Raised in the small town of Franklin, LA, Anderson got his musical start in the church as did so many of our greatest singers. A pastor’s kid, who was once so afraid to sing in public that he would sit in a pew and cry to avoid performing for the congregation, Anderson gives “the black church experience” credit for sparking his passion for singing.
“My voice didn’t fit into the typical church sound,” says Anderson who realized early on that he could “connect the spirit to the voice” in a venue where he felt more comfortable: musical theater.
Recently featured on New Orleans’ News With A Twist for his role in Baduizms: A Tribute to Erykah, Anderson’s voice sounds like nothing short of a blessing from God. He believes that his talent is a gift from God and that “gifts are given in order that you can give them away” meaning he truly believes he is meant to share his ability with the world.
It was his voice that landed him the part in the New Orleans production of Baduizms, a musical which has been adapted and performed all over the country, and made him the first male to ever land a vocal role in the production. Since it is a tribute to Mother Badu the production is usually held down vocally by women, leaving the men with minor speaking parts.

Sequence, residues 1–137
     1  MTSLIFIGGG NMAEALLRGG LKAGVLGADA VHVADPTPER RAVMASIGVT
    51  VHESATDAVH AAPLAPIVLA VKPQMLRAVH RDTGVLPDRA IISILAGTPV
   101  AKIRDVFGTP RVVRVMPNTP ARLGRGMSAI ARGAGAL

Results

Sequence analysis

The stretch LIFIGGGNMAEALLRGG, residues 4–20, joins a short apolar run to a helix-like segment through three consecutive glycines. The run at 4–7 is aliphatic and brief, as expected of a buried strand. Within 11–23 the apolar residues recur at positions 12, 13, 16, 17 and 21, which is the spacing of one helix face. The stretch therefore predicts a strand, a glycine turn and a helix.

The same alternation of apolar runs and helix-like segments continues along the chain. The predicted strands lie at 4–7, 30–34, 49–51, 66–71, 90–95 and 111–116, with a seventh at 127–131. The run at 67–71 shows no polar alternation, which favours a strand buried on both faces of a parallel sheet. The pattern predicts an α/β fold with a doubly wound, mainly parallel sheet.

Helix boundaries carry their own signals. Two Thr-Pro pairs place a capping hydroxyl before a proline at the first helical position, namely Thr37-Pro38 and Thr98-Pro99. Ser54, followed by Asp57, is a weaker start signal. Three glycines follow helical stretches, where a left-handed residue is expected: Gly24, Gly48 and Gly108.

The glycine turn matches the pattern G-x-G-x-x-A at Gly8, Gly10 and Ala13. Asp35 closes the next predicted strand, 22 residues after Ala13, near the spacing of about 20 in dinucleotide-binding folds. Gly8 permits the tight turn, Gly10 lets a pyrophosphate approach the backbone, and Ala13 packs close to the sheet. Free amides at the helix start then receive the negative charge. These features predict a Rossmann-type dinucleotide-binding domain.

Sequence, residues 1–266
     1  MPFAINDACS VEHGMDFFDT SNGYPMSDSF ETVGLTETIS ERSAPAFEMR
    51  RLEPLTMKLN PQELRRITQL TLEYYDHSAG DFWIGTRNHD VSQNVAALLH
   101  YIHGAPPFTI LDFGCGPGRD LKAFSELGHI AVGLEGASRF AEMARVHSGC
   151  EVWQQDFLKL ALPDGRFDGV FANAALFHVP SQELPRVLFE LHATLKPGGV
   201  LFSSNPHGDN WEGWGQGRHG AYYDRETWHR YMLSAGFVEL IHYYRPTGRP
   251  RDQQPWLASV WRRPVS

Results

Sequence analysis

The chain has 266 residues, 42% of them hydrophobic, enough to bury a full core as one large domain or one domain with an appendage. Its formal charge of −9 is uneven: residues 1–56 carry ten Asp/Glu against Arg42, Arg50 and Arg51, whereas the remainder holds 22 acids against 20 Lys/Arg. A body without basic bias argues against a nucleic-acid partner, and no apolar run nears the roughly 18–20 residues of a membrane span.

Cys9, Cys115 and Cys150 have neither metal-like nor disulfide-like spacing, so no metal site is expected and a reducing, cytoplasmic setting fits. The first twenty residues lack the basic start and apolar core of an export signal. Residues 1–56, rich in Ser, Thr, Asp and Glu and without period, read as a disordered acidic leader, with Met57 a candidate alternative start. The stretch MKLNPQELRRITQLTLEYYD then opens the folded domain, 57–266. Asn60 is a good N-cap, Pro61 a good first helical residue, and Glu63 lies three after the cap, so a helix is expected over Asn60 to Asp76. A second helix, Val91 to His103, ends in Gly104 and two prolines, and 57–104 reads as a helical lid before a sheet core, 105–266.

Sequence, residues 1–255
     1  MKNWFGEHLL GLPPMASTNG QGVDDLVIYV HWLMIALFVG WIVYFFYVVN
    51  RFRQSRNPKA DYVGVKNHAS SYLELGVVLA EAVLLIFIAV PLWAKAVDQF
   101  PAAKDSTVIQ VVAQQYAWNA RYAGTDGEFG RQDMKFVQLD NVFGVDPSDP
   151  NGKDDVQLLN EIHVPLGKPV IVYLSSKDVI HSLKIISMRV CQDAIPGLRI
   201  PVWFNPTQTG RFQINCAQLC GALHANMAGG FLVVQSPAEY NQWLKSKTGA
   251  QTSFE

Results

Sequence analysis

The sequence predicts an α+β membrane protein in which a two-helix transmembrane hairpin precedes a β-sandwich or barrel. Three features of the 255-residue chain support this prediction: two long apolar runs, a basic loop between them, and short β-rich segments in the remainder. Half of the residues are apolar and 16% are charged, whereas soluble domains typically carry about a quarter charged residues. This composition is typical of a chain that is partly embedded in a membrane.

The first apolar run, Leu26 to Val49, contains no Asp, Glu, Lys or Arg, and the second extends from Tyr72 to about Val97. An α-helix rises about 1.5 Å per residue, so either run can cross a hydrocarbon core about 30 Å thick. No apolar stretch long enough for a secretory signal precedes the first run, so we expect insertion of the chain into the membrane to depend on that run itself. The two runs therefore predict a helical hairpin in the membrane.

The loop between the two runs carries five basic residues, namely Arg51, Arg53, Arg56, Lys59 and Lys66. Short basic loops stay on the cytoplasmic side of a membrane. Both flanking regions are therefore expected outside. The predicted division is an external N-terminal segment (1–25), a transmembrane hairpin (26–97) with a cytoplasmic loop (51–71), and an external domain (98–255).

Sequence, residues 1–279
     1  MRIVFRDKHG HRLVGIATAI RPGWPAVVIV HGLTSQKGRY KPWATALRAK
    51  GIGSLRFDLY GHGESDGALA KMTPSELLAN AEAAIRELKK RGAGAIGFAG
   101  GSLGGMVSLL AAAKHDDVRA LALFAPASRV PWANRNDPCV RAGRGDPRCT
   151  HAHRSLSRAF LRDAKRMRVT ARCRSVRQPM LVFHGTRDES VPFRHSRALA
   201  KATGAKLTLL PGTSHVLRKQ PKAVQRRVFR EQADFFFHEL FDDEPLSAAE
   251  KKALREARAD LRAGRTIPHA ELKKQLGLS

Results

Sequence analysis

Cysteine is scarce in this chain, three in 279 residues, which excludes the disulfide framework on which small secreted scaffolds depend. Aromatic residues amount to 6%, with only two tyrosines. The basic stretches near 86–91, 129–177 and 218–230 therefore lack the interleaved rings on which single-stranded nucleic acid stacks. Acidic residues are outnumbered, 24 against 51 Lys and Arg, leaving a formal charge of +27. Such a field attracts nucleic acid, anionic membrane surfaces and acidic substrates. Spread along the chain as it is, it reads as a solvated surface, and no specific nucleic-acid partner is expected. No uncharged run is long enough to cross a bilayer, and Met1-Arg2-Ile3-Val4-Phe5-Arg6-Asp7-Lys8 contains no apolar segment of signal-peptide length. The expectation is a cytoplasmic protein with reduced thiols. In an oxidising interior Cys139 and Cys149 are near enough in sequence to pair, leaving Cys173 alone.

Even though the play was a bit out of Anderson’s comfort zone he notes that he enjoyed every bit of the experience. An experience that helped him learn to let his voice hold its own against powerful well-known New Orleans vocalists like Tonya Boyd Cannon, Tarriona “Tank” Ball and Mykia Jovan. There’s no competition here though. In fact, it’s the relationships he’s formed with these women that have helped him better navigate the New Orleans music scene. It’s this same music scene that he didn’t exactly imagine he’d be trying to navigate when he initially discovered his first love of singing. And it wasn’t even until his elementary school years that he tried his hand at acting and realized he loved it too.